|Bartolomeo Vanzetti and Nicola Sacco on their way to court.|
In the wake of the mass suppression of radical organizations during the Red Scare following World War I. left wing organizations—what was left of them—were forced to go on the defensive. For much of the following decade a lot of their organizational effort went into raising money and consciousness around for the legal defense of scores of martyrs and for the support of the families of jailed militants. The same pattern happened after the McCarthyite suppression of the 1950’s and in the backlash to student radicals, the anti-war movement, and militant Black and other minority movements in the early ’70’s.
But no case in any of these three eras attracted as much attention, indignation, and world wide support as the case of Ferdinando Nicola Sacco and Bartolomeo Vanzetti, two immigrant Italian anarchists who were executed by the Commonwealth of Massachusetts on August 23, 1927.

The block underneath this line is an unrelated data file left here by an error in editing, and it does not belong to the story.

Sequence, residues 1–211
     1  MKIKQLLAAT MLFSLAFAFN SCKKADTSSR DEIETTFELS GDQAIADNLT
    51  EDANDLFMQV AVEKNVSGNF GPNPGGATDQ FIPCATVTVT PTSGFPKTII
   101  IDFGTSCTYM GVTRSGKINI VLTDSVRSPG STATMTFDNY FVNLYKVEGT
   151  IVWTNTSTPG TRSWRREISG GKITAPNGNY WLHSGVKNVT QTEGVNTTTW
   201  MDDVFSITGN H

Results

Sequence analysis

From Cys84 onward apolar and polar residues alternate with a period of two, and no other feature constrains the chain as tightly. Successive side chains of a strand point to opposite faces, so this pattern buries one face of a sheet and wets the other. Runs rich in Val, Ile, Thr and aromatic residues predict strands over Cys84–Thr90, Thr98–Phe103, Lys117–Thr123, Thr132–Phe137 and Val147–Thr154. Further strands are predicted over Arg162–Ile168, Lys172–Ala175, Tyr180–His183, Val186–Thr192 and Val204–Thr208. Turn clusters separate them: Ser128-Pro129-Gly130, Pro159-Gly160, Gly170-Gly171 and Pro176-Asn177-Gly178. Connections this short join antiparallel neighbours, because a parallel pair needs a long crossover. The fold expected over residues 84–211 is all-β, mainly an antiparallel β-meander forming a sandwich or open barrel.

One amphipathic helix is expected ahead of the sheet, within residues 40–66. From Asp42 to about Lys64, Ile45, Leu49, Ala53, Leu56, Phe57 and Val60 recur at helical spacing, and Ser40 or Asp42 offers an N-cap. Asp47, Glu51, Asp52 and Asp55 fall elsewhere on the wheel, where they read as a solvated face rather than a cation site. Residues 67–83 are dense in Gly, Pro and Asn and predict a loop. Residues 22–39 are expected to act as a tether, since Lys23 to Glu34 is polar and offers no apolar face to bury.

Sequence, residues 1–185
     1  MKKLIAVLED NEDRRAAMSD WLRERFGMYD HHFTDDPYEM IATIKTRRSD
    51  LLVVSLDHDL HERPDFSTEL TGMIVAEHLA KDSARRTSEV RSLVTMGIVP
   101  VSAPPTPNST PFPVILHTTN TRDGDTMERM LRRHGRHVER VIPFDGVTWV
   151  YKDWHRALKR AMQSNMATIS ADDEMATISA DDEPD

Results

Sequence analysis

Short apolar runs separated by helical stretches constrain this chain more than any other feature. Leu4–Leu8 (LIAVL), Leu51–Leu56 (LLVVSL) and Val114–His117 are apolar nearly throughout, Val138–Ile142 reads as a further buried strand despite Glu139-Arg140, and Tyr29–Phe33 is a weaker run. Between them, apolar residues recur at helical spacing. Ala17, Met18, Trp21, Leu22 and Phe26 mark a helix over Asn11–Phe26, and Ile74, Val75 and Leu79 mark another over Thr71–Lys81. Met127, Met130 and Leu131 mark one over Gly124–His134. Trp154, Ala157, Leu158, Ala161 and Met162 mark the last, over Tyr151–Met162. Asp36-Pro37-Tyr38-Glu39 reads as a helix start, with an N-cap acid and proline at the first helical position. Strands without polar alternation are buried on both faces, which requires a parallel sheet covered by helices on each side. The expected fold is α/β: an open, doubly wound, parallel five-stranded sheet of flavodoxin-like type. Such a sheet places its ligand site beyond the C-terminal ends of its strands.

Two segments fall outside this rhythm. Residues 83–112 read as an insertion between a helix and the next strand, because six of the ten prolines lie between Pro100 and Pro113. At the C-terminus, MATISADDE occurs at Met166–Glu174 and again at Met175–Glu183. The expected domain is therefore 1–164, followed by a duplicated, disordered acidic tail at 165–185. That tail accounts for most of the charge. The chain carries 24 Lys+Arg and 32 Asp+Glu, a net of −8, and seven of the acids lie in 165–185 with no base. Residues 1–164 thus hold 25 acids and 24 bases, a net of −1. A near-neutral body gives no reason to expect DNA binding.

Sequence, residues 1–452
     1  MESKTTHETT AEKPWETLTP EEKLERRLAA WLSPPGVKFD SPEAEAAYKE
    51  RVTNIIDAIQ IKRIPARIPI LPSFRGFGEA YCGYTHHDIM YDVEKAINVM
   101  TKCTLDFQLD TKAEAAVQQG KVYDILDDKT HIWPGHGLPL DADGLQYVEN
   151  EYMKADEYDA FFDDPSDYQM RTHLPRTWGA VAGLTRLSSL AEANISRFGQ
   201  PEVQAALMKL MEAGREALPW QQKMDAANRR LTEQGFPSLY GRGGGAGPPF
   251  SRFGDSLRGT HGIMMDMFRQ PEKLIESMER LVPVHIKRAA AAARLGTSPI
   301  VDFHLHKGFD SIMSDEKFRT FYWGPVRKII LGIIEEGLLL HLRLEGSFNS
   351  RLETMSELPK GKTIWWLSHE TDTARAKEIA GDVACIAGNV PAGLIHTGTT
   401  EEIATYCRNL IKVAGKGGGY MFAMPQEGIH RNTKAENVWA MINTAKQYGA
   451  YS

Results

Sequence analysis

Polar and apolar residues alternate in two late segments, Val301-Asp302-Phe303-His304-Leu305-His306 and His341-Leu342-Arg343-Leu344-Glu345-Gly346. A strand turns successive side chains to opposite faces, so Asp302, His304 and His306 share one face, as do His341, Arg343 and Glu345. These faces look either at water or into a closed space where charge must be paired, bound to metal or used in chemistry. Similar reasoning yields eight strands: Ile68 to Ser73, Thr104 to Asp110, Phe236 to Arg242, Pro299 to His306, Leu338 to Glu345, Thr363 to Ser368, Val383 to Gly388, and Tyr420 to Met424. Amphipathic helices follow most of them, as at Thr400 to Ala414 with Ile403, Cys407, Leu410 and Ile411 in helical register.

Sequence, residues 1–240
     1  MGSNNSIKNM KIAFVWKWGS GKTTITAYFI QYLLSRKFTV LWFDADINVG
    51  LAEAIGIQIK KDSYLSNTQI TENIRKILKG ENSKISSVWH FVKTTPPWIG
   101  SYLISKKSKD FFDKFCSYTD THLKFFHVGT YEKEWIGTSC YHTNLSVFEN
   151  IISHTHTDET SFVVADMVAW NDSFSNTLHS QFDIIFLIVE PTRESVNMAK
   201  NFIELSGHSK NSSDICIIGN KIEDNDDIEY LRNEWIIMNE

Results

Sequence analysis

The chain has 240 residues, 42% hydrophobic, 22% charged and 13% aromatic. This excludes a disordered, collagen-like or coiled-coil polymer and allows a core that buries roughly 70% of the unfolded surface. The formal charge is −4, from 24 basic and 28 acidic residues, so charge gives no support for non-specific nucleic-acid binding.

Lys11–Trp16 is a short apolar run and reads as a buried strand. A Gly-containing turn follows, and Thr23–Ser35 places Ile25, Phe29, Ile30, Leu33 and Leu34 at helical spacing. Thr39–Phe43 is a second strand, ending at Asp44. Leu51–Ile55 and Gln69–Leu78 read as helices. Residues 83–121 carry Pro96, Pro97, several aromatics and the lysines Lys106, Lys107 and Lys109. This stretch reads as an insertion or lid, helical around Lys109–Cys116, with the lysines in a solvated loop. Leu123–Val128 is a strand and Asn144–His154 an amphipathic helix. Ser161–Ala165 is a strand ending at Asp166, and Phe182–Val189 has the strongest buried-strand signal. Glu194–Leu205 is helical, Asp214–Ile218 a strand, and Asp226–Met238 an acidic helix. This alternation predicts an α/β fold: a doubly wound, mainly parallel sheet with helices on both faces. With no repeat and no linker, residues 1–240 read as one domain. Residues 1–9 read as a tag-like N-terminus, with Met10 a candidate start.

On April 15, 1920 an armed gang attacked a payroll shipment destined for the Slater-Morrill Shoe Company in Braintree, the ancestral hometown of John and John Quincy Adams. Frederick Parmenter, a paymaster, and security guard Alessandro Berardelli were shot and killed and more than $15,000 cash—a major haul—was stolen.
The crime was part of an increasing wave of brazen robberies by armed gangs that spread across America in the years after the war. Police set a trap for suspects using a 1914 Oakland automobile believed to be used in the robbery as bait. Sacco and Vanzetti accompanied two other men, both known members of their anarchist circle in attempting to reclaim the car from a garage. The other suspects escaped.
Sacco and Vanzetti were soon arrested on a street car. Each was carrying a pistol—which was both common and legal at the time. Fearful that they were being targeted for deportation as many other members of their Italian anarchist community had been, both men originally lied to police about their political connections, which would later be used against them. Amid sensational publicity, the two men were indicted for the crime.